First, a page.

POSTED: Tuesday, December 29, 2009 - 6:33pm
UPDATED: Wednesday, March 17, 2010 - 12:07pm
HAMDEN, Conn. — A majority of college football fans want to scrap the current Bowl Championship Series and replace it with a playoff system that's similar to college basketball, according to a new national poll released Tuesday.
The Quinnipiac University survey shows 63 percent favor getting rid of the current system, while 26 percent want to keep it. When asked how much they liked the bowl game process, the poll showed fans are mixed.
"College football fans are not in love with the current system in which two teams that play for the national championship are picked by computers, sportswriters and coaches," said Peter Brown, assistant director of the Quinnipiac University Polling Institute. "Settle the question on the field, voters say more than two-to-one."
While more fans may favor a playoff system, they don't necessarily want Congress to get involved. The poll shows 48 percent believe it is a bad idea if federal lawmakers force college football to start a playoff system; 45 percent say it's a good idea.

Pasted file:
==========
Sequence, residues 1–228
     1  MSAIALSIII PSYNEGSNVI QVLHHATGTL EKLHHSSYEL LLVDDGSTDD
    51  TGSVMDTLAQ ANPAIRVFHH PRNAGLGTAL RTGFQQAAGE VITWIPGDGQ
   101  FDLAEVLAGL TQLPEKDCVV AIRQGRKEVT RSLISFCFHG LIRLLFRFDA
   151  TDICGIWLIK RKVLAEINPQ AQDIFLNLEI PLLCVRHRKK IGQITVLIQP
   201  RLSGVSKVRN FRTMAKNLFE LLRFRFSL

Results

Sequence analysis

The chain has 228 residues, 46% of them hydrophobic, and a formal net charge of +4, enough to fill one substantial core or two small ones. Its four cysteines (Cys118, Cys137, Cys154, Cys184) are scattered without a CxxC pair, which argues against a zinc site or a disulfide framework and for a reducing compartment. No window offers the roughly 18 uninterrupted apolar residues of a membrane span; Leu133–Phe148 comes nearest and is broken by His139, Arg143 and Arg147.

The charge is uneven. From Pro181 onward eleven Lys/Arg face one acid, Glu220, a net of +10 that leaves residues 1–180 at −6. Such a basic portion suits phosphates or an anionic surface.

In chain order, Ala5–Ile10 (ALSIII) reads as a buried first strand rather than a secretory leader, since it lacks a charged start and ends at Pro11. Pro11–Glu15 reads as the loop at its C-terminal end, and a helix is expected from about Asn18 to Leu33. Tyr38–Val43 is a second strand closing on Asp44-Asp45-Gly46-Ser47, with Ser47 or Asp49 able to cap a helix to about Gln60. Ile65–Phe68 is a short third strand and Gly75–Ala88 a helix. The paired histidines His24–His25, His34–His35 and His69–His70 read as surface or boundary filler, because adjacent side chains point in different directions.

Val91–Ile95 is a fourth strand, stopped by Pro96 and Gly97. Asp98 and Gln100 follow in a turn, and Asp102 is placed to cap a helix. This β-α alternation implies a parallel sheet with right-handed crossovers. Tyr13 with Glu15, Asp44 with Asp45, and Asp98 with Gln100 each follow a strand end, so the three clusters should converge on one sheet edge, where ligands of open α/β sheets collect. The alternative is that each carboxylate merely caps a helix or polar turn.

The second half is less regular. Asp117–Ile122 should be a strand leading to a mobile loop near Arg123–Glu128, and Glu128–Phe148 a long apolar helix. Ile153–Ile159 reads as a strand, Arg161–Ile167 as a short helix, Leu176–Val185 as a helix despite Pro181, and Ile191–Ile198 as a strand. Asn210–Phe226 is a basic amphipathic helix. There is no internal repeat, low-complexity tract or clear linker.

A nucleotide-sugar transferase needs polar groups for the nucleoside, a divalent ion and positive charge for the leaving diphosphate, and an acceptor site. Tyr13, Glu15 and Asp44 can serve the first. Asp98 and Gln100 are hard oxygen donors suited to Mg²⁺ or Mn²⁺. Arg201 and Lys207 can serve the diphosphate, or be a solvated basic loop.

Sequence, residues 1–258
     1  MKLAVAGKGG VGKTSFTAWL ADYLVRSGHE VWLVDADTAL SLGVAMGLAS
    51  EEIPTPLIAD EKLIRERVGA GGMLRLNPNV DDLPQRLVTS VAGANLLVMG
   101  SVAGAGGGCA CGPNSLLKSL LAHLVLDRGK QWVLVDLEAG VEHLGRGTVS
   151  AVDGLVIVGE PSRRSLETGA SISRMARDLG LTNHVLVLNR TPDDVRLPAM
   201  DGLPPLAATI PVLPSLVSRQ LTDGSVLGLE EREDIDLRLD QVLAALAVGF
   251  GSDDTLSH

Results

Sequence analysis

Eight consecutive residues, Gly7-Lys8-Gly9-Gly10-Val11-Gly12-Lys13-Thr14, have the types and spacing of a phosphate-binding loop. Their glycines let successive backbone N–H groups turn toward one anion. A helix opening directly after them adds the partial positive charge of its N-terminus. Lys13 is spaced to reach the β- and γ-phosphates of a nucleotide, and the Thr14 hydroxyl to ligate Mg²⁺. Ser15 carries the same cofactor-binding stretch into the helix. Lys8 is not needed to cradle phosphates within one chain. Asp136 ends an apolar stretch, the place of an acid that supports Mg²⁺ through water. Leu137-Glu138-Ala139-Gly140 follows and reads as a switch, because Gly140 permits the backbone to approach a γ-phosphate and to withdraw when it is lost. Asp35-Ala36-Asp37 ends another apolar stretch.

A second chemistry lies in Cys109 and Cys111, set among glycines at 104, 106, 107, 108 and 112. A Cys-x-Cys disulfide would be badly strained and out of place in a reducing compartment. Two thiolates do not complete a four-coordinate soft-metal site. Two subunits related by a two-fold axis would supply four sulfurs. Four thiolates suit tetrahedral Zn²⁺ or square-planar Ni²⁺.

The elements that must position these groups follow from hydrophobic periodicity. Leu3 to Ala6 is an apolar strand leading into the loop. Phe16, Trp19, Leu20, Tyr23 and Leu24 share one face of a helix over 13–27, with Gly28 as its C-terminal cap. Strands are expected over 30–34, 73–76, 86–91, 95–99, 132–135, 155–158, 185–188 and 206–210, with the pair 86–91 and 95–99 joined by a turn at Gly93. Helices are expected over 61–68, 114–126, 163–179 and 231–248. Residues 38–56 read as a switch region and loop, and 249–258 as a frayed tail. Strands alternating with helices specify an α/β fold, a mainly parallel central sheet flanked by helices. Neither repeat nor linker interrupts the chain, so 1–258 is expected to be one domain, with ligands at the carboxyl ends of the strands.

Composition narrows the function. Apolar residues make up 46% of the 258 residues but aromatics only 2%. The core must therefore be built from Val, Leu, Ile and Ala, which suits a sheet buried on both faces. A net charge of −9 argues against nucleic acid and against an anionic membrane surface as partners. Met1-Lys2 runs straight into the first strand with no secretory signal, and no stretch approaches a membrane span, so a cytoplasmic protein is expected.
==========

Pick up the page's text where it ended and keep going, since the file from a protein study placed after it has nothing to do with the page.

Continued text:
Earlier this month, a House subcommittee approved legislation aimed at forcing college football to switch to a playoff system to determine its national champion. The bill, which goes to the full committee, would make it illegal to promote a national championship game "or make a similar representation," unless it results from a playoff.
There is no Senate version of the bill.
Shortly after his election last year, President Barack Obama said there should be a playoff system.
Bill Hancock, executive director of the Bowl Championship Series, said a playoff system is easier said than done.
"It's easy to support a hypothetical playoff on paper, but no one has come up with a viable way to actually create one without diminishing the value of the regular season and ending the bowl games as we know them," he said. "Yes, a playoff could be created, but at a tremendous loss to the unique game that we love."
The survey of 1,849 adults, 948 of whom consider themselves to be very interested or somewhat interested in college football, was conducted Dec. 15-20. The overall poll has a 2.3 percent margin of error. Questions asked of fans have a 3.2 percent margin of error.